So there was college. That didn't work out. So I tried it again and it worked out a little better, but ultimately it wasn't for me. I would, eventually, try it one more time. It lasted less than a month that third time, so maybe what they say about third times and charms isn't always true.
Or maybe it is. If I'd stayed in school that third time I might never have devoted myself to comics the way I have now. I probably would have devoted myself to being a librarian or a high school teacher. Admirable, but not comics.
I moved to Chattanooga, TN after high school. I moved there to go to college but as I mentioned above, college didn't take. Chattanooga didn't take either, even though I stayed well into my twenties. Chattanooga is a strange place. Everyone who has never lived there thinks its beautiful and everyone who ever lived there thinks its a giant waste of space in the otherwise lush and gorgeous wilderness that is East Tennessee. That's hyperbolic. I'm sure there are people who live in Chattanooga who love it, but I wasn't one of them.
My time in Chattanooga was strange. I dropped out of college my first semester and moved in with my girlfriend of two years. I had a live-in girlfriend and a full time job by the time I was 19, which was fine with me. School had always bored me, had never really challenged me, and having money in my pocket and a girl at home at the end of every day was just fine with me. That job was in a major chain entertainment store, the kind that sold books, movies, software, music, video games, etc. I worked in the book department, which afforded me a ludicrous discount off cover prices and access to the entire Baker & Taylor ordering system. I bought a LOT of graphic novels.
During that time I really discovered Alan Moore, Frank Miller and Mark Waid. It was Kingdom Come that eventually got me back into comic books, followed shortly after by Watchmen, The Dark Knight Returns and Batman: Year One. The dystopian view of the superhero comic presented by Moore in Watchmen and Miller in DKR had a profound effect on my rebellious young mind. I was discovering punk rock at the same time I discovered those titles and I longed for more "adult" comics, more "adult" themes. So I rebelled long and hard against superheroes, choosing instead to turn my eye toward Vertigo. That's when I really got into the comics that would shape my tastes as a young adult. Hellblazer, Swamp Thing, Preacher, Sandman, these were the books I clamored for, the stories I devoured.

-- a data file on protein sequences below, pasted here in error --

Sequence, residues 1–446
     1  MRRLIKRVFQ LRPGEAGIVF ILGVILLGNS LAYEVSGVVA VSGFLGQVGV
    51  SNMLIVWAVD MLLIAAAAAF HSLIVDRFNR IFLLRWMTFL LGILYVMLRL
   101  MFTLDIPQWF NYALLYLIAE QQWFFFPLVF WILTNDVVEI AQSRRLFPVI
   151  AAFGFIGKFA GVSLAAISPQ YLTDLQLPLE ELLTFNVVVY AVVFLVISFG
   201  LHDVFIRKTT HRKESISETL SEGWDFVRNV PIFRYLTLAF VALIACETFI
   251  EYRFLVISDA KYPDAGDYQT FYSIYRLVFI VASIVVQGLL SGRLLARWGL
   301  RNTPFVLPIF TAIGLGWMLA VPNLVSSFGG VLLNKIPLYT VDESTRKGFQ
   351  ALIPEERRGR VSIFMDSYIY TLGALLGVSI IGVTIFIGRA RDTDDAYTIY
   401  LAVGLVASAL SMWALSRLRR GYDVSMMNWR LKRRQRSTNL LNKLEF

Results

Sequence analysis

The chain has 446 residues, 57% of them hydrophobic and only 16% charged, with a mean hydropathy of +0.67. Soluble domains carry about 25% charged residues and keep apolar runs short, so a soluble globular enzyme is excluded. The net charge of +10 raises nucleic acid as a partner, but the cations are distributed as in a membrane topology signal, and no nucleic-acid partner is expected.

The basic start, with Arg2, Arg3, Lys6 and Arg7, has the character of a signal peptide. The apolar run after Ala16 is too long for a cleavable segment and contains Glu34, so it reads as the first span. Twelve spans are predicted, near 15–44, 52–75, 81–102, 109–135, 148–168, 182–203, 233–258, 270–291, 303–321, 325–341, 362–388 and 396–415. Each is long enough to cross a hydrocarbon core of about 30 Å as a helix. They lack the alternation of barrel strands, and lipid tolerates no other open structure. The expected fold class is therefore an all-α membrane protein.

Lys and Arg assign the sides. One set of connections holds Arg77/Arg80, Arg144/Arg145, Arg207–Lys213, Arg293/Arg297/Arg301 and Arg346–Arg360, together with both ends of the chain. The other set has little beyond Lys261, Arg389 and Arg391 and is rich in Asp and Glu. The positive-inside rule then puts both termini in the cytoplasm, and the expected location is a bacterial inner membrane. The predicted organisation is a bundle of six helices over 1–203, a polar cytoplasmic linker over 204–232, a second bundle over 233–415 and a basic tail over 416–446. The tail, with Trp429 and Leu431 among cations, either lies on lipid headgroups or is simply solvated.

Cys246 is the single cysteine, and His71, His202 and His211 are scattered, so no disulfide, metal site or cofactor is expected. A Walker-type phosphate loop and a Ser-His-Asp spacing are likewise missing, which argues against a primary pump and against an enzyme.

It was at this time in my life that I really got back into comic books and for the first time realized that this wasn't just a medium for children and that comics could be a genuine career. I wish I could say that I diligently began pursuing that career but I can't lay claim to that until much later. Like many people in their early twenties, I spent a lot of time, well...wasting time. I drank, chased girls, got caught up in a bad relationship, got the shit kicked out of me mentally and took more than a little time to recover. I suppose that happens to the best of us, but there are moments, in the shadow of younger creators who have accomplished so much more than me, where I want to flog myself for my misspent youth.
I know that hard work gets rewarded and that ultimately it's nobody's fault but my own that it took me this long to make even the tiniest of ripples in this industry, but it doesn't make reminiscing about days that could have been better spent any easier.
What was it that sapped such a will as mine and made me lose sight of my dream for a time? Well, that would be telling. I know I promised to be candid but there are some things that not even you, fearless reader, get to know. Needless to say things got dark for a while and then, as they tend to do, things got a hell of a lot better.
How did they get better? Well, I met a girl. Not just a girl, but the girl. And not long after that I made a friend. The collective fire they lit under my ass led to the man you (figuratively) see before you today.
More on that next time.